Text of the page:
Wyoming lawmakers hope to expand the state’s legal and regulatory framework for advancing permanent underground carbon storage and encouraging carbon capture at existing coal-fired power plants with two new bills.
Senate File 47 – Carbon storage and sequestration-liability establishes a process for the state to assume ownership of, and liability for, CO2 that’s injected into geologic structures. That transfer of responsibility from the operator to the state is contingent upon a 10-year monitoring period following the end of injection operations.
Senate File 64 – Carbon capture and sequestration builds on past legislation to discourage regulated utilities from retiring coal-fired power plants. It would force a utility to either retrofit the plant with carbon capture utilization and storage technology or sell the facility to a new owner that would install CCUS. The original owner would then be required to purchase power from the retrofitted power plant.
This year’s package of proposed legislation builds on past measures, such as 2019’s Senate File 159 – New opportunities for Wyoming coal fired generation, which forces utilities wishing to speed up retirement of a coal plant to first offer the facility for sale.
Both SF 47 and SF 64 must gain at least a two-thirds vote in the Senate to be introduced to the floor during the budget session.
CO2 storage liability
More than a decade ago, Wyoming became the first state in the nation to define ownership, legal liability and regulatory processes for the geologic storage of anthropogenic CO2, the main greenhouse gas contributing to climate change. Senate File 47 attempts to address investors’ concerns by providing a method for CO2 injection operators to get off the hook for indefinite liability for those CO2 reservoirs and related facilities.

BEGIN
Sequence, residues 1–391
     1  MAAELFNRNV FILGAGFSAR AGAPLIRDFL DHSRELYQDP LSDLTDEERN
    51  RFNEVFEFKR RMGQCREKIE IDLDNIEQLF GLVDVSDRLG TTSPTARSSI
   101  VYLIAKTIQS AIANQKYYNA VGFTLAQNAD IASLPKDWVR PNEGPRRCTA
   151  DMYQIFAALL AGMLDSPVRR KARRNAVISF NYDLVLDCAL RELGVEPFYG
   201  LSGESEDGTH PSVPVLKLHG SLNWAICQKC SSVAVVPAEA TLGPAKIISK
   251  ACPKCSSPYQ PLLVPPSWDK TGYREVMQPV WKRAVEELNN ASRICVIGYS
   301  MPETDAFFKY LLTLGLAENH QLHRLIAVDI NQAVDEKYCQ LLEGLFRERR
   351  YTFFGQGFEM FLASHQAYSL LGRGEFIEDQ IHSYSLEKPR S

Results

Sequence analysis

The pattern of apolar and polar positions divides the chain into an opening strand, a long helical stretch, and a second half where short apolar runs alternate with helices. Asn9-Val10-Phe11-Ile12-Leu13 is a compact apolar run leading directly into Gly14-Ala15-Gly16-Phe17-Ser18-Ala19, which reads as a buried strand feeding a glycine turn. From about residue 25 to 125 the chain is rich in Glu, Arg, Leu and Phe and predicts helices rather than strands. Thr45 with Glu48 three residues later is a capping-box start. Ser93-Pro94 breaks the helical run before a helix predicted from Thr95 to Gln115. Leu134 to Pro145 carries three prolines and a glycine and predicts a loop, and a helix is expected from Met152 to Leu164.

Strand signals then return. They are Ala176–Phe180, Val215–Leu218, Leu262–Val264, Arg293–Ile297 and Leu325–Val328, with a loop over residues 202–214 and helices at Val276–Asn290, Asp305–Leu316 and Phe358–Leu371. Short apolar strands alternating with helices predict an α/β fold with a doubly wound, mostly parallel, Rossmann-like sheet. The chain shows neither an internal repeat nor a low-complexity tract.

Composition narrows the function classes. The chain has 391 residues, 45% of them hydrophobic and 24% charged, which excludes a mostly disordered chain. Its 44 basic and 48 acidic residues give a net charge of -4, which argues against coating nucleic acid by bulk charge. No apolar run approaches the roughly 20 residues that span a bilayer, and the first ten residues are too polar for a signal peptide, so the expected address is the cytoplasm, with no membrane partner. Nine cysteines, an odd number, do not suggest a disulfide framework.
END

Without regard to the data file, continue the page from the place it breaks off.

The draft bill is similar to a measure in North Dakota which, like Wyoming, wants to advance carbon storage as a way to extend the life of coal and oil production while curbing CO2 emissions to help address climate change.
Under the bill, a CO2 injection operator must ensure the reservoir is stable and that injection wells are sealed and maintained to prevent leaks before the state assumes liability.
“The underground place or pore space where the carbon dioxide was injected or stored is expected to no longer expand vertically or horizontally and poses no threat to human health, human safety, the environment or underground sources of drinking water,” according to the bill draft.
The bill allows the Wyoming Department of Environmental Quality to issue a certificate of completion subject to public comment if it determines all environmental and remediation standards have been met. Then the CO2 reservoir becomes the state’s property and liability.
Retrofitting coal plants
Senate File 64 is likely to face opposition from environmental groups as well as some regulated utilities hoping to retire aging coal-fired power plants in the state.